Chancellor, Rishi Sunak revealed the contents of the famous red briefcase on Wednesday outlining the key financials and tax plans. With a looming cash recovery mission from a generous year of pandemic induced government spending, we reveal all the need to knows of this years budget.

 

Income Tax

The Conservative Government have consistently raised the income tax threshold over many years but once the personal allowance is increased to £12,570 for 2021/22 it will then be frozen for the next 5 years. The basic rate limit will also increase from £50,000 to £50,270, however this will also be frozen for the same period. Technically nothing has changed insofar as income tax is concerned, however increases in the thresholds that were planned and wage increases combined with the freeze will inevitably increase the amount of taxation through income tax.

Corporation Tax

Corporation tax will rise from 19% to 25%, but businesses have some respite as these changes won’t be implemented until April 2023. Small businesses will receive a small profits rate which will stay at the current rate of 19% for those businesses whose profits do not exceed £50,000. Businesses that earn between £50-£250,000 will be given a tapered rate of corporation tax, so that only businesses with profits exceeding £250,000 will be charged the full rate of corporation tax.

Bounce Back Loan Scheme/Recovery Loan Scheme

The government introduced a bounce back loan scheme back in 2020 which facilitated borrowing for small businesses allowing them to loan between £2000 and 25% of their turnover up to a maximum of £50,000. The scheme offered zero fee’s and interest for the first 12 months with a 2.5% per annum interest rate. The application deadline for this scheme will continue to end on the 31st of March.

The government will implement a new scheme which will encourage lenders to support suffering businesses. The government will provide lenders with an 80 percent guarantee on loans of £25,000 to £10m until the end of 2021 with the new Recovery Loans Scheme.

Self-Employed Income Support Scheme

A fourth payment will be issued that covers February, March and April which will provide 80% of the average monthly profit capped at £2,500. There will also be a fifth payment covering May through until September. There will be a fifth payment, however the rate of this is unknown which has led to speculations of it being reduced.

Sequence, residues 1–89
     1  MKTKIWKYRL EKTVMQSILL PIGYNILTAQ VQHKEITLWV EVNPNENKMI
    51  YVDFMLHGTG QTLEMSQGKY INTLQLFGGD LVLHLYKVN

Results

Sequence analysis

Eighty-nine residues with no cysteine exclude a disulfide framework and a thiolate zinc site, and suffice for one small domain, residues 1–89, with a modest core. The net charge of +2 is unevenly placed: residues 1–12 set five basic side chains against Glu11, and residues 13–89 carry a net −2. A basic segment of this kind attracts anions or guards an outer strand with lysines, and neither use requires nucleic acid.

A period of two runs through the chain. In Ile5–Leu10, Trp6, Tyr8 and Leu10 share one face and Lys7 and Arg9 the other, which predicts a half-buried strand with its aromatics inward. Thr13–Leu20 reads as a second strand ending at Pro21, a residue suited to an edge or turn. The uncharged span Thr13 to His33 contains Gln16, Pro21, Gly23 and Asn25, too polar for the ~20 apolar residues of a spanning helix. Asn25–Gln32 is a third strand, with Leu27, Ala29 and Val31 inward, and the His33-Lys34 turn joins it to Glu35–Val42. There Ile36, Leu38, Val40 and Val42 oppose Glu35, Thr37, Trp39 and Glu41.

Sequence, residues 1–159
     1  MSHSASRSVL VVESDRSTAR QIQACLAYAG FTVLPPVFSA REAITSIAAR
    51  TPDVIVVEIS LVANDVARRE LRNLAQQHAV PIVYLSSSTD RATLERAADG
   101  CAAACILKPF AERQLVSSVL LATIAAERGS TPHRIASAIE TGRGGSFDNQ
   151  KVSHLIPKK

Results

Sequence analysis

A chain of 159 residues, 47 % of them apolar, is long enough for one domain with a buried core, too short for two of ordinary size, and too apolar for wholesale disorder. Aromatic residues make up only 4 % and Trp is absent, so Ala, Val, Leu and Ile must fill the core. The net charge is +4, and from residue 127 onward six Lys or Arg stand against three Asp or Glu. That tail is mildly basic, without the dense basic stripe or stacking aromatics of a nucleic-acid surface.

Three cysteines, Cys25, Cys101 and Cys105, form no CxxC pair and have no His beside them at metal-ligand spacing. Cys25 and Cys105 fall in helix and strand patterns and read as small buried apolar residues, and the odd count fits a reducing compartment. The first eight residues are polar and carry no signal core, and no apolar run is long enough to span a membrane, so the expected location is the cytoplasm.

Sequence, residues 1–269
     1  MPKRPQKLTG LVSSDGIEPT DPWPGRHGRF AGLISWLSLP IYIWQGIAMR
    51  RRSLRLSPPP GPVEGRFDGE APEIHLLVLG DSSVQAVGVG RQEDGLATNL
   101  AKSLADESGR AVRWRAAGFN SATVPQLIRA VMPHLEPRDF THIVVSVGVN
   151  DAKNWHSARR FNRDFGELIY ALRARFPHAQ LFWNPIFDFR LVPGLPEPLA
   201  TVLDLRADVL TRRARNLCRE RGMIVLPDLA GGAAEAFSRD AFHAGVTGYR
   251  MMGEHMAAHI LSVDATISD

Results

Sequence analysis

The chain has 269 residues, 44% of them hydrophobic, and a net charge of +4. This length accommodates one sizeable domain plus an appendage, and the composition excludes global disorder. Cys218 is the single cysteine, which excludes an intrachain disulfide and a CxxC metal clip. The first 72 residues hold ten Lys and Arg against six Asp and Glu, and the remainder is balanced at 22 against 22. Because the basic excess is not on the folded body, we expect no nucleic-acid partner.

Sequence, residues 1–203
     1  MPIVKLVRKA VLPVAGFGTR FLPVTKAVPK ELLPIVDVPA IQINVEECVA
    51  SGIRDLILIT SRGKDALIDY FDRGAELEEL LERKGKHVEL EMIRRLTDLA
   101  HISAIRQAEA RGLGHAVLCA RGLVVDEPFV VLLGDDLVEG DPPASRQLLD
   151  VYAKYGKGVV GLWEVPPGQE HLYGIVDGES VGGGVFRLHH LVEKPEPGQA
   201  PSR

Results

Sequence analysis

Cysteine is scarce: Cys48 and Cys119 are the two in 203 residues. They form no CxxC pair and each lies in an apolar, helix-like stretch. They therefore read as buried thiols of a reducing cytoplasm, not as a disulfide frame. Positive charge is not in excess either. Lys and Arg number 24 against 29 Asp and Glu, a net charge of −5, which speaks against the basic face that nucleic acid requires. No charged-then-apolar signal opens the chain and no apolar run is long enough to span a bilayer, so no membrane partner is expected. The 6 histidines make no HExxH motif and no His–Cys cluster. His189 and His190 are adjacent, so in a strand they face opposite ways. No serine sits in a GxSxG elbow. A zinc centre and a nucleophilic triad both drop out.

Furlough Scheme

Arguably one of the biggest announcements was regarding the furlough scheme. The chancellor revealed on Wednesday that the furlough scheme would be extended until September with many pondering whether restrictions really will be lifted on the 21st of June. This will mean that anyone currently utilising the scheme will continue to be paid 80% of their wage from the government with a limit of £2,500 per month.

The scheme will change as employers will have to make contributions of 10% in July and then 20% in the final months of August and September.

Stamp Duty

Back in July 2020 the government announced a stamp duty holiday lasting until the 31st of March 2021, however on Wednesday Rishi Sunak announced that the government would be extending the holiday until the 30th of June. The holiday which offers a 0% stamp duty on the first £500,000 of property purchases will remain in its current state until the 30th of June but will then phase out. Starting from the 1st of July, the threshold will be reduced to £250,000 up until the end of September, which will see the rates return back to normal again in October.

Pensions

The government also introduced a limit to how much you can save into a private pension without taxation, introducing a limit of £1,073,100 up until April 2026. The life time allowance had been expected to increase with inflation rates and was predicted to be increased by £5,800. The state pension triple lock will also remain in place and the state pension will see an increase of 2.5% in the next financial year.

NS&I Savings Bonds

The government have also introduced a “green” savings bond. Soon, the public will be able to invest into green projects such as renewable energy and the de-carbonising of transport. This is all part of the target to tackle climate change and to reach net-zero by 2050 whilst also creating green jobs. The bond will be offered through NS&I.

Universal Credit

There was a surge in Universal Credit claimants, with 39% of claimants (4.5m) requesting the benefit between the 13th of March and the 14th of January this year. Universal Credit was given a £20 per week uplift and after much campaigning, this was extended for another 6 months.

For a more detailed summary of the Spring Budget 2021 please see the Budget section of our app.

John Stolliday
John Stolliday

John Stolliday runs The Financial Management Centre in Luton East. John is a qualified accountant (FCCA) and bookkeeper (MICB) with UK and Middle East experience in the construction and building services sectors, handling company turnovers up to £100m and staff of 15. John has held senior roles, up to board level, in civil engineering, industrial engineering, pipelines, general building and building maintenance companies.